PubMed Abstract | CrossRef Full Text | Google Scholar

123. Benkhoucha M, Santiago-Raber ML, Schneiter G, Chofflon M, Funakoshi H, Nakamura T, et al. Hepatocyte growth factor inhibits CNS autoimmunity by inducing tolerogenic dendritic cells and CD25+Foxp3+ regulatory T cells. Proc Natl Acad Sci USA. (2010) 107:6424–9. doi: 10.1073/pnas.0912437107

PubMed Abstract | CrossRef Full Text | Google Scholar

124. Kitamura K, Kangawa K, Kawamoto M, Ichiki Y, Nakamura S, Matsuo H, et al. Adrenomedullin: a novel hypotensive peptide isolated from human pheochromocytoma. Biochem Biophys Res Commun. (1993) 192:553–60. doi: 10.1006/bbrc.1993.1451

PubMed Abstract | CrossRef Full Text | Google Scholar

125. Ashizuka S, Inatsu H, Inagaki-Ohara K, Kita T, Kitamura K. Adrenomedullin as a potential therapeutic agent for inflammatory bowel disease. Curr Protein Pept Sci. (2013) 14:246–55. doi: 10.2174/13892037113149990044

PubMed Abstract | CrossRef Full Text | Google Scholar

126. Vergano-Vera E, Fernandez AP, Hurtado-Chong A, Vicario-Abejon C, Martinez A. Lack of adrenomedullin affects growth and differentiation of adult neural stem/progenitor cells. Cell Tissue Res. (2010) 340:1–11. doi: 10.1007/s00441-010-0934-3

PubMed Abstract | CrossRef Full Text | Google Scholar

127. Chen L, Qiu JH, Zhang LL, Luo XD. Adrenomedullin promotes human endothelial cell proliferation via HIF-1alpha. Mol Cell Biochem. (2012) 365:263–73. doi: 10.1007/s11010-012-1267-1

PubMed Abstract | CrossRef Full Text | Google Scholar

128. Lim SY, Ahn S-H, Park H, Lee J, Choi K, Choi C, et al. Transcriptional regulation of adrenomedullin by oncostatin M in human astroglioma cells: implications for tumor invasion and migration. Sci Rep. (2014) 4:6444. doi: 10.1038/srep06444

PubMed Abstract | CrossRef Full Text | Google Scholar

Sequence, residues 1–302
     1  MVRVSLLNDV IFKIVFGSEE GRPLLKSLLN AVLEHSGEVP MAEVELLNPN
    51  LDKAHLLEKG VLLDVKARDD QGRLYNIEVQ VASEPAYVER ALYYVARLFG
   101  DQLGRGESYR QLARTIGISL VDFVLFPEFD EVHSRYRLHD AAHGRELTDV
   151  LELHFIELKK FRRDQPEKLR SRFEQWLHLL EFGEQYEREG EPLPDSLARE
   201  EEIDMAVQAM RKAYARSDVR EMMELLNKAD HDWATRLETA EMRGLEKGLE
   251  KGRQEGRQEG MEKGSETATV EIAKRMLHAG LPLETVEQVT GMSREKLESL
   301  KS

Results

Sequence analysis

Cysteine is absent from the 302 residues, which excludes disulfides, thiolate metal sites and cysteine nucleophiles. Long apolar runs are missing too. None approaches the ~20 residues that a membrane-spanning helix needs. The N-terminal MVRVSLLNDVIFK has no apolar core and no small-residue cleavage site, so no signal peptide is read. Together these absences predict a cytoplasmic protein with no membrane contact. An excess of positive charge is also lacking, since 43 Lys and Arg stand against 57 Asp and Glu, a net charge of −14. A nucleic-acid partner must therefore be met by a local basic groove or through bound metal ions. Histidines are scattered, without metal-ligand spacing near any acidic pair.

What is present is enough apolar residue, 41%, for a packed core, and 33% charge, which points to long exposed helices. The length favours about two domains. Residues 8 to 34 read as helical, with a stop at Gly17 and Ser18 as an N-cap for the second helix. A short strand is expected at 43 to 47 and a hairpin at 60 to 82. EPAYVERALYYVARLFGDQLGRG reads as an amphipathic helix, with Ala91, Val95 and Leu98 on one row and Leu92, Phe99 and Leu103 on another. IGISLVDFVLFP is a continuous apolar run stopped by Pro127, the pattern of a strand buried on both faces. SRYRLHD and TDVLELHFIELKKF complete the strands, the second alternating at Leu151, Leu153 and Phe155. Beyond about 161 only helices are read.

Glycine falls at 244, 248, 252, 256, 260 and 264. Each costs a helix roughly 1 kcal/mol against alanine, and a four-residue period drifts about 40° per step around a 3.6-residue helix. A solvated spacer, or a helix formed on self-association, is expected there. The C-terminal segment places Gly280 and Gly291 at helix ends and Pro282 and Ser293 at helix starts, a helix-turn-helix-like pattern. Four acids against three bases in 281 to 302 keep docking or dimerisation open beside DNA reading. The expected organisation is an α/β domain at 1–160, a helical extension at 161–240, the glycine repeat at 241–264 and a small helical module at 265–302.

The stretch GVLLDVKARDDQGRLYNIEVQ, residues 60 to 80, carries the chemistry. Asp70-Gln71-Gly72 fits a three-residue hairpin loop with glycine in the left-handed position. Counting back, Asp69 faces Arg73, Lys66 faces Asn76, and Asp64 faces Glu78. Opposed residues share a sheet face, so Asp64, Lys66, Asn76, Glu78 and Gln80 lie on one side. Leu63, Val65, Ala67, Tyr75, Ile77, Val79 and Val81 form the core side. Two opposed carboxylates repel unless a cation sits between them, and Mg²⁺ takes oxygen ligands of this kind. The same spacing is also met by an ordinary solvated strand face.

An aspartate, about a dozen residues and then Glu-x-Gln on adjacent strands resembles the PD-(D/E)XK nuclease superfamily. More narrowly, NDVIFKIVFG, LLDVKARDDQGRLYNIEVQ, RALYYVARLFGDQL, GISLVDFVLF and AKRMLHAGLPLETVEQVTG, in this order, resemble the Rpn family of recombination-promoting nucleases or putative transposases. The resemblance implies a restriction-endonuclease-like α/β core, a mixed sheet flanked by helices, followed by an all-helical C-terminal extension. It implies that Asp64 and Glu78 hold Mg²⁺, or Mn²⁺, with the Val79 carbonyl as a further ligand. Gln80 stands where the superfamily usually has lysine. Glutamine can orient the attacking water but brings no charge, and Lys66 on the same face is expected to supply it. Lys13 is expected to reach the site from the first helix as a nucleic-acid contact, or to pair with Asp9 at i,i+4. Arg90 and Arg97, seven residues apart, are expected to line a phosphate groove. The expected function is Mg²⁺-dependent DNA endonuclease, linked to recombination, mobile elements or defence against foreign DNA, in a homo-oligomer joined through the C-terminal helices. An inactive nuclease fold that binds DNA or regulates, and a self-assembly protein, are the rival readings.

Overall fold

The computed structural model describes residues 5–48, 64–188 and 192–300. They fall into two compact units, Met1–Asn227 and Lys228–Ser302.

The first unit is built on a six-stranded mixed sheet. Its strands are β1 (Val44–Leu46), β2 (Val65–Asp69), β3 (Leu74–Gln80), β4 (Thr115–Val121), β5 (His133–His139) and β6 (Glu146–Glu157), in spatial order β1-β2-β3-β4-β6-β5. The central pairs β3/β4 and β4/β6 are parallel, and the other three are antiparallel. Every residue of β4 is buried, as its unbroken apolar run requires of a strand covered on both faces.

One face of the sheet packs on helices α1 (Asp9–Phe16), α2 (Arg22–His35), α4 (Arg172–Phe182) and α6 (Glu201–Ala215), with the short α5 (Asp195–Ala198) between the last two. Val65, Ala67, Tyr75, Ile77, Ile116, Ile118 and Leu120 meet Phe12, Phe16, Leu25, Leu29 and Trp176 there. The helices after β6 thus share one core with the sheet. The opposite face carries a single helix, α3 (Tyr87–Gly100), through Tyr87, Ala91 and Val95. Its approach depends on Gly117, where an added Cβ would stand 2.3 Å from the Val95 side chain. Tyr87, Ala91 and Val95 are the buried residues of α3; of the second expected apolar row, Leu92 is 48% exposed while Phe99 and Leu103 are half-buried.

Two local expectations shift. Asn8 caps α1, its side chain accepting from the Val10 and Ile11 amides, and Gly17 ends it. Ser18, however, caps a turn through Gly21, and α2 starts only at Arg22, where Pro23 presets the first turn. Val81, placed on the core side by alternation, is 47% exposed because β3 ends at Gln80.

129. Sun W, Depping R, Jelkmann W. Interleukin-1β promotes hypoxia-induced apoptosis of glioblastoma cells by inhibiting hypoxia-inducible factor-1 mediated adrenomedullin production. Cell Death Dis. (2014) 5:e1020. doi: 10.1038/cddis.2013.562

PubMed Abstract | CrossRef Full Text | Google Scholar

130. Talero E, Di Paola R, Mazzon E, Esposito E, Motilva V, Cuzzocrea S. Anti-inflammatory effects of adrenomedullin on acute lung injury induced by Carrageenan in mice. Med Inflamm. (2012) 2012:717851. doi: 10.1155/2012/717851

PubMed Abstract | CrossRef Full Text | Google Scholar

131. Rulle S, Ah Kioon MD, Asensio C, Mussard J, Ea HK, Boissier MC, et al. Adrenomedullin, a neuropeptide with immunoregulatory properties induces semi-mature tolerogenic dendritic cells. Immunology (2012) 136:252–64. doi: 10.1111/j.1365-2567.2012.03577.x

PubMed Abstract | CrossRef Full Text | Google Scholar

132. Pedreno M, Morell M, Robledo G, Souza-Moreira L, Forte-Lago I, Caro M, et al. Adrenomedullin protects from experimental autoimmune encephalomyelitis at multiple levels. Brain Behav Immun. (2014) 37:152–63. doi: 10.1016/j.bbi.2013.11.021

PubMed Abstract | CrossRef Full Text | Google Scholar

133. Besedovsky HO, del Rey A. Immune-neuro-endocrine interactions: facts and hypotheses. Endocr Rev. (1996) 17:64–102. doi: 10.1210/edrv-17-1-64